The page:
Supreme Court to decide if part of Voting Rights Act is outdated
The new voting-rights case, along with a pending decision on college affirmative action, will make this year's Supreme Court term a momentous one for civil rights.
Tribune Washington bureau
WASHINGTON — The Supreme Court said Friday that it will consider lifting a legal cloud that has hung over the South since the 1960s and strike down part of the landmark Voting Rights Act as outdated and unfair.
The justices agreed to hear an Alabama county's challenge to the provision that requires much of the South, including its cities and counties, to get advance approval from the federal government before making changes in election laws or voting rules.
The new voting-rights case, along with a pending decision on college affirmative action, will make this year's court term a momentous one for civil rights. The common theme in both cases is whether a 1960s-era remedy for racial discrimination is still needed and still justified.
The court's conservative justices have made clear they are troubled by Section 5 of the Voting Rights Act, which puts the South under special scrutiny.
The Alabama case to be heard next year does not contest the constitutionality of the law, which makes it illegal to enforce any voting procedure or election law that discriminates against voters because of their race.
The justices had considered the challenge to the Voting Rights Act in several of their weekly closed-door meetings. After Friday's conference, the first since the election, they said they had voted to hear the appeal.
Three years ago, Chief Justice John Roberts served notice in another case that time may be running out for the "pre-clearance" rule.
"Things have changed in the South," Roberts said then, noting blacks now register and vote there at about the same percentage as whites. And several of the Southern states that are under the special scrutiny of the law have a higher percentage of blacks who vote than in Northern states, which are not covered.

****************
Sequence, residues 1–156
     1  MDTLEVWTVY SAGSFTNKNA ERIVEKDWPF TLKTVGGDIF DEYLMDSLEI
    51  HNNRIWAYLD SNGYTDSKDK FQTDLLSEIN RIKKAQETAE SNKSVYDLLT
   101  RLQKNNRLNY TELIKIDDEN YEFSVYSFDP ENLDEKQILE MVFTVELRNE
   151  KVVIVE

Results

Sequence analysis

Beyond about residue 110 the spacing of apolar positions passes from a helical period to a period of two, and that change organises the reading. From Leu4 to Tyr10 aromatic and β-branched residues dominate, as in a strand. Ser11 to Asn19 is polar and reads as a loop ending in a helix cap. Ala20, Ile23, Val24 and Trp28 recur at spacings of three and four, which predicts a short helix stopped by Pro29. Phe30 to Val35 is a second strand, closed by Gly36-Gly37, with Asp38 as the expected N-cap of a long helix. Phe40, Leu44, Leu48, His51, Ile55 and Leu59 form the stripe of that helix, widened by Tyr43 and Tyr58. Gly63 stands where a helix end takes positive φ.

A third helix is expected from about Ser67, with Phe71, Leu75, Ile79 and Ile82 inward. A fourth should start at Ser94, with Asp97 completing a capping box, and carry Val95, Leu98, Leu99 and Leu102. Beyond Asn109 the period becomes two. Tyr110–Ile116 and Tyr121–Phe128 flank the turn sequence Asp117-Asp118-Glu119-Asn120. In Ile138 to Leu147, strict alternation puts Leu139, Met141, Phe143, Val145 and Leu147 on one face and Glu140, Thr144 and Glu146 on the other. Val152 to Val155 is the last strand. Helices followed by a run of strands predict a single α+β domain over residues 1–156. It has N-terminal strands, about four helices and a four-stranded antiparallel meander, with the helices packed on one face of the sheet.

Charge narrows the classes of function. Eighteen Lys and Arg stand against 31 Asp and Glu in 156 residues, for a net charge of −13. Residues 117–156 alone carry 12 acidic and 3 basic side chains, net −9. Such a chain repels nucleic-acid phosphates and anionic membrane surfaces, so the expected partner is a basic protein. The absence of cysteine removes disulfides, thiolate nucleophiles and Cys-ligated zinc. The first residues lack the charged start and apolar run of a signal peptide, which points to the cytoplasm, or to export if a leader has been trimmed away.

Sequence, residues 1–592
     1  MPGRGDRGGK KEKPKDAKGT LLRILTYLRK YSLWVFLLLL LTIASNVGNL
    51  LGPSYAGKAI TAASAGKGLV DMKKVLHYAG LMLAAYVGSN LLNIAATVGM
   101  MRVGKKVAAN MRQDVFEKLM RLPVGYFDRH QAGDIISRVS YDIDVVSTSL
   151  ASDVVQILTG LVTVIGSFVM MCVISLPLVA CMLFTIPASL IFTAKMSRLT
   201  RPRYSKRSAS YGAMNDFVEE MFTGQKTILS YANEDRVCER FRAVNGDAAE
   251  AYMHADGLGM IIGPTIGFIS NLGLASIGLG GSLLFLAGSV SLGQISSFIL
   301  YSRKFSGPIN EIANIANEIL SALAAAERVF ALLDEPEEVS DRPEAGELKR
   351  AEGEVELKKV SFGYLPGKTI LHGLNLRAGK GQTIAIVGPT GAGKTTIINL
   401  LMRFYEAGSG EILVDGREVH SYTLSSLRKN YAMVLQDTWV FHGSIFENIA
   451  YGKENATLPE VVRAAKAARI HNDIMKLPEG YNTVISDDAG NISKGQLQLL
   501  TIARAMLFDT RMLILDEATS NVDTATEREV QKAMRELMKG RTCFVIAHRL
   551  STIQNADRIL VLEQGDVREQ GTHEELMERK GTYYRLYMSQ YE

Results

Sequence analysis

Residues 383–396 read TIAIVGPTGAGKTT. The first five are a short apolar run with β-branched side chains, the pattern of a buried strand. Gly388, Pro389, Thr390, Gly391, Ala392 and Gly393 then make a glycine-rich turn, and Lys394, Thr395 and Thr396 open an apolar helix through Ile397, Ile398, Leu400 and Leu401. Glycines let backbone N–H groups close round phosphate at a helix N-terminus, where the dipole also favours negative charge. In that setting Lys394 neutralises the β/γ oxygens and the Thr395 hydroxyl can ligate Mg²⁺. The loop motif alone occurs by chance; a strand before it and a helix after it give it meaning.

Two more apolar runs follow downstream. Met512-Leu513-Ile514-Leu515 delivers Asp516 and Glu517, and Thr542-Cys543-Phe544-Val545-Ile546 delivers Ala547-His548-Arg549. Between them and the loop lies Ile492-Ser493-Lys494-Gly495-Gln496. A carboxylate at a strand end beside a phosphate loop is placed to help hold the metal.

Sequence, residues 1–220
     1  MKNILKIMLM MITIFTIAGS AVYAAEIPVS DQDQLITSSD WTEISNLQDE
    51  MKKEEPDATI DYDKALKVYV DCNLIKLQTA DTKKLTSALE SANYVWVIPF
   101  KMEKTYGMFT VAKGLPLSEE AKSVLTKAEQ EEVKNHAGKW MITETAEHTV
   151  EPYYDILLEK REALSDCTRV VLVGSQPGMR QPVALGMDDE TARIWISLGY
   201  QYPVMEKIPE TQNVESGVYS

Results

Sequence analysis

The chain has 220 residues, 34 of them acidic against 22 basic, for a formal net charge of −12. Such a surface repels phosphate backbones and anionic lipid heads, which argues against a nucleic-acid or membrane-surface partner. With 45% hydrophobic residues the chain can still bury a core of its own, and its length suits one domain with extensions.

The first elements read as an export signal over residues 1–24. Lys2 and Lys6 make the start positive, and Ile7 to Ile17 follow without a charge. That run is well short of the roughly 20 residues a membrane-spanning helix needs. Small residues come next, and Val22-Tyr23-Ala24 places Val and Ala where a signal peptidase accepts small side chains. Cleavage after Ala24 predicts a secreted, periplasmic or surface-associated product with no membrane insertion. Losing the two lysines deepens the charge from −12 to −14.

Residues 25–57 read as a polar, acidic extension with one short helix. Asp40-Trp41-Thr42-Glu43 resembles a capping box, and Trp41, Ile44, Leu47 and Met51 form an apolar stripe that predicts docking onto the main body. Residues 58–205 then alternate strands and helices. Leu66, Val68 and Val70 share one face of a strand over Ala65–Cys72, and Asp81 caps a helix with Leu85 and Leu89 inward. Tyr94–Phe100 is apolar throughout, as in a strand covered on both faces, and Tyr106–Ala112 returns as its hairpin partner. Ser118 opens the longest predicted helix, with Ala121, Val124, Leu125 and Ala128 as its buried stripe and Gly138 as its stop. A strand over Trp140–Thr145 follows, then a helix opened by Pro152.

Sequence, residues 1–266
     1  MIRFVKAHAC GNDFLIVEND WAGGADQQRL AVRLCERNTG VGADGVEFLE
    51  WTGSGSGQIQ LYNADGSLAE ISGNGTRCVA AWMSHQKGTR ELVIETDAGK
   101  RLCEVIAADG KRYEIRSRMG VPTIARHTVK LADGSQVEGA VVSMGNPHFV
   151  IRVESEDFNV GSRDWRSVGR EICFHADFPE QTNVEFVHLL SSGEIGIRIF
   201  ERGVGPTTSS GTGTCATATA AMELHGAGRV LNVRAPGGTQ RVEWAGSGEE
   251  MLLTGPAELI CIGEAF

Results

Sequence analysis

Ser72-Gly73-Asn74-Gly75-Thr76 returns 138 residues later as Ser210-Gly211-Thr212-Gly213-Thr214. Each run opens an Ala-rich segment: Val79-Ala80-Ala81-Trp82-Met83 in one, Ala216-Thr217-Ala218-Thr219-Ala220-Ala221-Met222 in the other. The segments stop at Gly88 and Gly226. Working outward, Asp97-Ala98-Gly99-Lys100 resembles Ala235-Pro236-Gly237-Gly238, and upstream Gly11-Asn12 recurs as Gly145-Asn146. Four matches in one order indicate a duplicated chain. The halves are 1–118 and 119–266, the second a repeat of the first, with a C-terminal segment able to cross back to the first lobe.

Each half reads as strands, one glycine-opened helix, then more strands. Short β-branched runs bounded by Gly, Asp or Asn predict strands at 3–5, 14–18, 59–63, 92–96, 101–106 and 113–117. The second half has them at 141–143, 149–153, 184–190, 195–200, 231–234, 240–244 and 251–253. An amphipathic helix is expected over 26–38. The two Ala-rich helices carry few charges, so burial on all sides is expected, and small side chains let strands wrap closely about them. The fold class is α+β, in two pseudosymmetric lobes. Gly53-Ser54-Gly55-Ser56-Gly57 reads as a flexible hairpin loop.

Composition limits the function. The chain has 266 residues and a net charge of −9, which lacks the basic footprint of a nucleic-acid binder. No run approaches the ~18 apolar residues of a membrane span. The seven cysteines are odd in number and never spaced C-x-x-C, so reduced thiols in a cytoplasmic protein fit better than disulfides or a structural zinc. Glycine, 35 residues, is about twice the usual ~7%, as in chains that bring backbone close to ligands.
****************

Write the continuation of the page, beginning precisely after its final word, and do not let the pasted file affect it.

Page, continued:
Roberts also questioned the idea of singling out some states for different treatment under federal law. "Our historic tradition (is) that all the states enjoy equal sovereignty," he said.
In 2009, the chief justice stopped short of throwing out the law's pre-clearance requirement. Instead, he fashioned a narrow, compromise ruling that allowed a Texas municipal water district to "bail out" of the Voting Rights Act.
But his opinion set the stage for a future decision declaring Section 5 of the Voting Rights Act to be an unconstitutional infringement on states' rights.
That prospect grew much larger Friday, when the justices voted to hear a frontal attack on the law from Shelby County, Ala.
The case could also put the court in conflict with Congress, President Obama and the Justice Department. In 2006, Congress in a near unanimous vote extended the Voting Rights Act and its "pre-clearance" rule for another 25 years.
In another case, the court agreed to decide whether it's legal for police to collect DNA samples from people under arrest, a case that could have nationwide implications on the question of privacy versus public safety.
All 50 states now collect DNA from those who are convicted of felonies.
But in the past decade, more than half of the states have gone further and require the collection of DNA from people who are arrested for serious crimes.
The justices will review a Maryland court decision, Maryland v. King, that effectively barred the warrantless collection of genetic material from suspects who have not been convicted of a crime.
Material from The Associated Press is included in this report.